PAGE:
- ECB to expand monthly purchases by 20 billion euros from April
- Euro zone's sub-zero inflation rate underpins demand for bonds
Government bonds across the euro zone rose as the European Central Bank prepared to increase its debt purchases and investors awaited economic reports that are likely to show officials are still far from achieving their policy objectives.
Spanish five-year note yields fell to a record before a report Thursday that will show annual inflation in the country slowed for an eighth month in March, according to economists surveyed by Bloomberg. German 10-year bunds, the region’s benchmark securities, rose for a fourth day in their longest winning stretch since January, though they lagged their higher-yielding peers.
“There’s still more room to go,” said Jan Von Gerich, chief strategist at Nordea Bank AB in Helsinki. “Across the board, we’re going to see more spread narrowing.”
Euro-area debt has outperformed U.S. Treasuries this month before the ECB increases monthly bond purchases to 80 billion euros ($89 billion) from 60 billion euros on April 1. But with quantitative easing now a year old, the program is struggling to have much of an effect on the economy. A report due on the same day as the Spanish data is forecast to show euro-zone prices fell, leaving inflation far short of the close to 2 percent rate aimed at by policy makers.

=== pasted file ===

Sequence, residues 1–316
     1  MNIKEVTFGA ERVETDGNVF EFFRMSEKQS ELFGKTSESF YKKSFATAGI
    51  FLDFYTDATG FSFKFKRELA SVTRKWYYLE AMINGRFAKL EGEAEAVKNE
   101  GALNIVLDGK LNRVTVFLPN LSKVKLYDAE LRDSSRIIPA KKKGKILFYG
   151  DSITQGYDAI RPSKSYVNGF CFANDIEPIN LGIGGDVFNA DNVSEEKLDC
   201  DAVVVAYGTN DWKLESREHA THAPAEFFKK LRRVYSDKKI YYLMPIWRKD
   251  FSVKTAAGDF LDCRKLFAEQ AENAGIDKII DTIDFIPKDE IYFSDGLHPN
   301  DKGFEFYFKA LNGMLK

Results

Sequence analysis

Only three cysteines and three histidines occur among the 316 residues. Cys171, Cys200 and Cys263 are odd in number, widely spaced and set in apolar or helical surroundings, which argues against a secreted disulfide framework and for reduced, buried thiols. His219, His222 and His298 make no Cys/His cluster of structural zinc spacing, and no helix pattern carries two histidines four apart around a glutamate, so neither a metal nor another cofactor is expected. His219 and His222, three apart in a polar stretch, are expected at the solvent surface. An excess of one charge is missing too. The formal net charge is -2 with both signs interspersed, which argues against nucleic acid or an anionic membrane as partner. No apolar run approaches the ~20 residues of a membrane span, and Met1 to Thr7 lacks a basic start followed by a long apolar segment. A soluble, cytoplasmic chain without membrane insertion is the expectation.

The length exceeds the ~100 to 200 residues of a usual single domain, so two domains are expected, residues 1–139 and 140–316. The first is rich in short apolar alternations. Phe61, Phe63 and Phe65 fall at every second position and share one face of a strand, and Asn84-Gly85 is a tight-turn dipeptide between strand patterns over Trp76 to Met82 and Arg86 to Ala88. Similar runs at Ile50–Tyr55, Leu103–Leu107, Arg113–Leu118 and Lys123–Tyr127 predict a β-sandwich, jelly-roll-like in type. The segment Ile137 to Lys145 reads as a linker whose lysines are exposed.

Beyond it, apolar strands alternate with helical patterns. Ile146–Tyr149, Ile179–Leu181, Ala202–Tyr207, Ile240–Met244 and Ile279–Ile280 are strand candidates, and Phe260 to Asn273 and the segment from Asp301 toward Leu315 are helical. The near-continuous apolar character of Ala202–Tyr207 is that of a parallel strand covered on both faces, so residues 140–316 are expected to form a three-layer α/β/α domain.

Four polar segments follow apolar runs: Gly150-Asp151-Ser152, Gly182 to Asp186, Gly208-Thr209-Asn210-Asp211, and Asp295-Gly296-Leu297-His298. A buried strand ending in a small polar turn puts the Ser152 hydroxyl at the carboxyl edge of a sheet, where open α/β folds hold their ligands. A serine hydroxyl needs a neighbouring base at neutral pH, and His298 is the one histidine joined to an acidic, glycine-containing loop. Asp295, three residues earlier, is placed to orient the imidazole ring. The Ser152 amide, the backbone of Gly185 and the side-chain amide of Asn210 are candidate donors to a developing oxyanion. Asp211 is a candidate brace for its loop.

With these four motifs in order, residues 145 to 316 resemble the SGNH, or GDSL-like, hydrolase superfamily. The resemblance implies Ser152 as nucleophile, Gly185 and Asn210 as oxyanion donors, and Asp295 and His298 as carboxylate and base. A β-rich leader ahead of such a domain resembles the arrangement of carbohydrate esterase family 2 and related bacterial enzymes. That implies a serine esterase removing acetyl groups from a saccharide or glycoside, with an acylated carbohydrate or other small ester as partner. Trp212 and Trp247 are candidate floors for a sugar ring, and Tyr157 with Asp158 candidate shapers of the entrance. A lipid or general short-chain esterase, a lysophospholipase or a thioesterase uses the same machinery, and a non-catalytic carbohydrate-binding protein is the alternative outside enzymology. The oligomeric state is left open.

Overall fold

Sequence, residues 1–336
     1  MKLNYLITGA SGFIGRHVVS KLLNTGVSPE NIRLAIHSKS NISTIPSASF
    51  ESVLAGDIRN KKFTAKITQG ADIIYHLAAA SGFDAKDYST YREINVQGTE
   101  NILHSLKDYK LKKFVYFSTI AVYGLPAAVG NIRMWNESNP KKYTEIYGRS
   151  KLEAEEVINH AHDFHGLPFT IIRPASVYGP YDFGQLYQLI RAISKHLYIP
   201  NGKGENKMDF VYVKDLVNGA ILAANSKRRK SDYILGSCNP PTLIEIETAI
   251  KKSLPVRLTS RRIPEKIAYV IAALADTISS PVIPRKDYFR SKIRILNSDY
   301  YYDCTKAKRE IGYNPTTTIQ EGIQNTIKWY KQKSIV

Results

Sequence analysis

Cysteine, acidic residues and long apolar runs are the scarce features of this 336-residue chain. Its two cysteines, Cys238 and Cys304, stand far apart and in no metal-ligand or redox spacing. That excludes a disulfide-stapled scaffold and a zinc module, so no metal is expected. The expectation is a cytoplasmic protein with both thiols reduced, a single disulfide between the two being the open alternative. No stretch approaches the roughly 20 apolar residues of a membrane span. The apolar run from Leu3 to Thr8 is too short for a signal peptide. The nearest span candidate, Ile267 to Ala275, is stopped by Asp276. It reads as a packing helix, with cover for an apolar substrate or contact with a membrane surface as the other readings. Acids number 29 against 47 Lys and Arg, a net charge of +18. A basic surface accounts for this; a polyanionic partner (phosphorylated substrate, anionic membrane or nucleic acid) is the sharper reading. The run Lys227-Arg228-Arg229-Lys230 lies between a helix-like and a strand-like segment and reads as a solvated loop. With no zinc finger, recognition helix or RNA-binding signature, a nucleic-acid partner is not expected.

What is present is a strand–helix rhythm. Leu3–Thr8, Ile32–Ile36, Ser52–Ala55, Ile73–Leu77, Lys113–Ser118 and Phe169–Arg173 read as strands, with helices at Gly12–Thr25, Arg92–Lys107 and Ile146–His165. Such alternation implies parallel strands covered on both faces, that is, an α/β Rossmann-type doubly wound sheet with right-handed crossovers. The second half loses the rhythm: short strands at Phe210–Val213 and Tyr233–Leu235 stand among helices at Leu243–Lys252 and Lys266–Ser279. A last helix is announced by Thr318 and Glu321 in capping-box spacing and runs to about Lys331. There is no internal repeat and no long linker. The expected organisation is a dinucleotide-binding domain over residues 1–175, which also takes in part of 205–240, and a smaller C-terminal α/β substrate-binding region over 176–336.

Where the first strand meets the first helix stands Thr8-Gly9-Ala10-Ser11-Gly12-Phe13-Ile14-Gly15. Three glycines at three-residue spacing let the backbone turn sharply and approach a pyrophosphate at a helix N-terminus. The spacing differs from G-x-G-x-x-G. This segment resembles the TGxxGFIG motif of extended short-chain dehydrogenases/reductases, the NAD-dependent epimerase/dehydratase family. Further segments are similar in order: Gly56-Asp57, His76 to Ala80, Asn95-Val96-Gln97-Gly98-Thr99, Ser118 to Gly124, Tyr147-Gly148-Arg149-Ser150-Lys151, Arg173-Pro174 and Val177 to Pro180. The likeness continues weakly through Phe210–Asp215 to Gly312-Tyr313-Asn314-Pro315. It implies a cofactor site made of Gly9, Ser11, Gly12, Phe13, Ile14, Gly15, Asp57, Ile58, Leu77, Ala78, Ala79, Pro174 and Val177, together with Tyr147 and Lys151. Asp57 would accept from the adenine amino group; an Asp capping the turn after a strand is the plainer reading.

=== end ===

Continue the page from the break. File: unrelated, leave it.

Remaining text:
Yields on Spain’s 10-year bonds declined nine basis points, or 0.09 percentage point, to 1.44 percent at 4:40 p.m. London time, the biggest drop since March 11. The 1.95 percent security due in April 2026 climbed 0.81, or 8.10 euros per 1,000-euro face amount, to 104.765.
The nation’s five-year note yield fell six basis points to 0.321 percent, the lowest since Bloomberg started collecting the data in 1993. Germany’s 10-year bund yield dropped four basis points to 0.14 percent, the lowest since March 1.
Dutch and Irish government bonds will be supported because of lower issuance than last year, while Portuguese securities are attractive because of the yield pick-up they offer over benchmark debt, Von Gerich said.